Server Fault is a question and answer site for system and network administrators. Join them; it only takes a minute:

Sign up
Here's how it works:
  1. Anybody can ask a question
  2. Anybody can answer
  3. The best answers are voted up and rise to the top

I need to gather a list of files and put this in a textfile. However, the files should not include their extension.

The command I have now without removing file extensions:

ls -1 /a/dir/*/dir/* > textfile

All selected files will have a an extension of .[a-z]{3}

(the reason I need this is because I need a list of unique base names, and unique will solve that after this step)

share|improve this question
Thanks for all the reactions! – Peter Smit Jul 30 '09 at 11:57
up vote 3 down vote accepted

I always like to include a bash only solution:

for file in /a/dir/*/dir/*; do
    echo "${file%.*}" >> ~/file_list

and with an optional if statement to limit the file to your requested extension:

shopt -s extglob
for file in /a/dir/*/dir/*; do
    if [[ "$file" =~ \.[a-zA-Z]{3}$ ]]; then
        echo "${file%.*}" >> ~/file_list

In this similar serverfault question I explain the "${file%.*}" parameter expansion.

share|improve this answer

Something like that would list the file in the current directory removing everything after the first dot.

find . -maxdepth 1 -type f | xargs -iZ basename Z | cut -d"." -f1 > /tmp/resultfile

It would eventually have an issue with hidden files resulting in a blank line in the result file. Basename is here only to get rid of the "./" begining the filenames in the find result.

share|improve this answer

How about:

ls -1 /a/dir/*/dir/* | sed -e 's/\.[a-zA-Z0-9]\{3\}$//'

Should do what you want.

share|improve this answer
I disagree with the edit, but cannot reject as I don't have enough points. The original question explicitly states that the pattern being matched is .[a-z]{3}, so the edit to add [A-Z] is incorrect. – Russell Heilling Nov 25 '15 at 12:37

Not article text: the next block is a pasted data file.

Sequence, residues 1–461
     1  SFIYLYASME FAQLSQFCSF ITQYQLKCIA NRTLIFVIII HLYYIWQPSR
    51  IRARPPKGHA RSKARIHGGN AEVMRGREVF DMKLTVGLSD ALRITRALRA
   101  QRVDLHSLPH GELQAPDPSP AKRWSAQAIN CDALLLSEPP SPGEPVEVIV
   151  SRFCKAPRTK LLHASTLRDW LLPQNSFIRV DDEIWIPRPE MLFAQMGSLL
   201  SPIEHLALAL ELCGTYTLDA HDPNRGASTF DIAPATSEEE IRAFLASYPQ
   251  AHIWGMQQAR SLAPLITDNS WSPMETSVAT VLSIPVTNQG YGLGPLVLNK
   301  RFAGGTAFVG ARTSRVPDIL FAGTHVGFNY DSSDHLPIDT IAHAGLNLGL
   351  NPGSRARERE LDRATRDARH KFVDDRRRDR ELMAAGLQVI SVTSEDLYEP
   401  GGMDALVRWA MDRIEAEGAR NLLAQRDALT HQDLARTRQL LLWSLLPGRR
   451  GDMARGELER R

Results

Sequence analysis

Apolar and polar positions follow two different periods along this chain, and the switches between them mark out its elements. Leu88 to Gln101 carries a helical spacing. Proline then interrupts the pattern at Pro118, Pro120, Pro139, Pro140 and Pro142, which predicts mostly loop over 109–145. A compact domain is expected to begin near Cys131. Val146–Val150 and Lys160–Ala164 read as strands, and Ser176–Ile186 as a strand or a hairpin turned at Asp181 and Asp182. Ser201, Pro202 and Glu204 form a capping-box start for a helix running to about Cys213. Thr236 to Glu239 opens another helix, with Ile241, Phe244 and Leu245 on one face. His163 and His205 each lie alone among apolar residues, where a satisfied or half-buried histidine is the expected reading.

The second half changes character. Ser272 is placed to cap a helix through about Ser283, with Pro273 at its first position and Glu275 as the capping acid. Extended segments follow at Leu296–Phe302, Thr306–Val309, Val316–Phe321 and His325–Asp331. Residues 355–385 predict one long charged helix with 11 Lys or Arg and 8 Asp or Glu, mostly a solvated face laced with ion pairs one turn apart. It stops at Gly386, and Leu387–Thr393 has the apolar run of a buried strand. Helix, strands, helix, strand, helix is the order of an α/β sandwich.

It's much more simple than one thinks:

asd@locutus:~$ IZE=file.avi
asd@locutus:~$ echo $IZE
asd@locutus:~$ echo ${IZE%%.???}

So in this manner:

ls -1 /a/dir/*/dir/* | while read VAR; do echo ${VAR%.???}; done

You can do whatever you want between do and done, echo is just an example.

man bash (Parameter Expansion):

          The word is expanded to produce a pattern just as in pathname  expansion.
          If the pattern matches a trailing portion of the expanded value of param‐
          eter, then the result of the expansion is the expanded value of parameter
          with the shortest matching pattern (the ‘‘%’’ case) or the longest match‐
          ing pattern (the ‘‘%%’’ case) deleted.  If parameter is @ or *, the  pat‐
          tern  removal  operation is applied to each positional parameter in turn,
          and the expansion is the resultant list.  If parameter is an array  vari‐
          able subscripted with @ or *, the pattern removal operation is applied to
          each member of the array in turn, and  the  expansion  is  the  resultant

share|improve this answer

A more generic answer, finds extensions of any length:

find . -type f | sed 's/^.*\.\([^.]*\)$/\1/'

I then use the following command to get a list of extensions in a dir:

find . -type f | sed 's/^.*\.\([^.]*\)$/\1/' | sort | uniq -c | sort -n
share|improve this answer

You can also use cut like this :

for file in /a/dir/*/dir/* ; do
  echo \`echo $file | cut -d"." -f 1` >> textfile;

It will only work if you don't have any file or directories with a "." in the name

share|improve this answer

You have given an explicit definition for extensions,
But, the tags linux and bash-scripting suggest a unix environment.
Unless you are doing this with Cygwin on Windows.
These points may not matter in that case...

  • Be sure that you do not have numbers in your 'extension' (like md5)
  • Also, what about extensions with less than 3 characters? (
  • What about extensions with upper case characters?
share|improve this answer
I match with my ls very specific files, a base name plus 4x an extension of 3 lowercase characters – Peter Smit Jul 30 '09 at 11:57
@Peter, in which case, Russell's answer would have sufficed. ok. – nik Jul 30 '09 at 16:12

Your Answer


By posting your answer, you agree to the privacy policy and terms of service.

Not the answer you're looking for? Browse other questions tagged or ask your own question.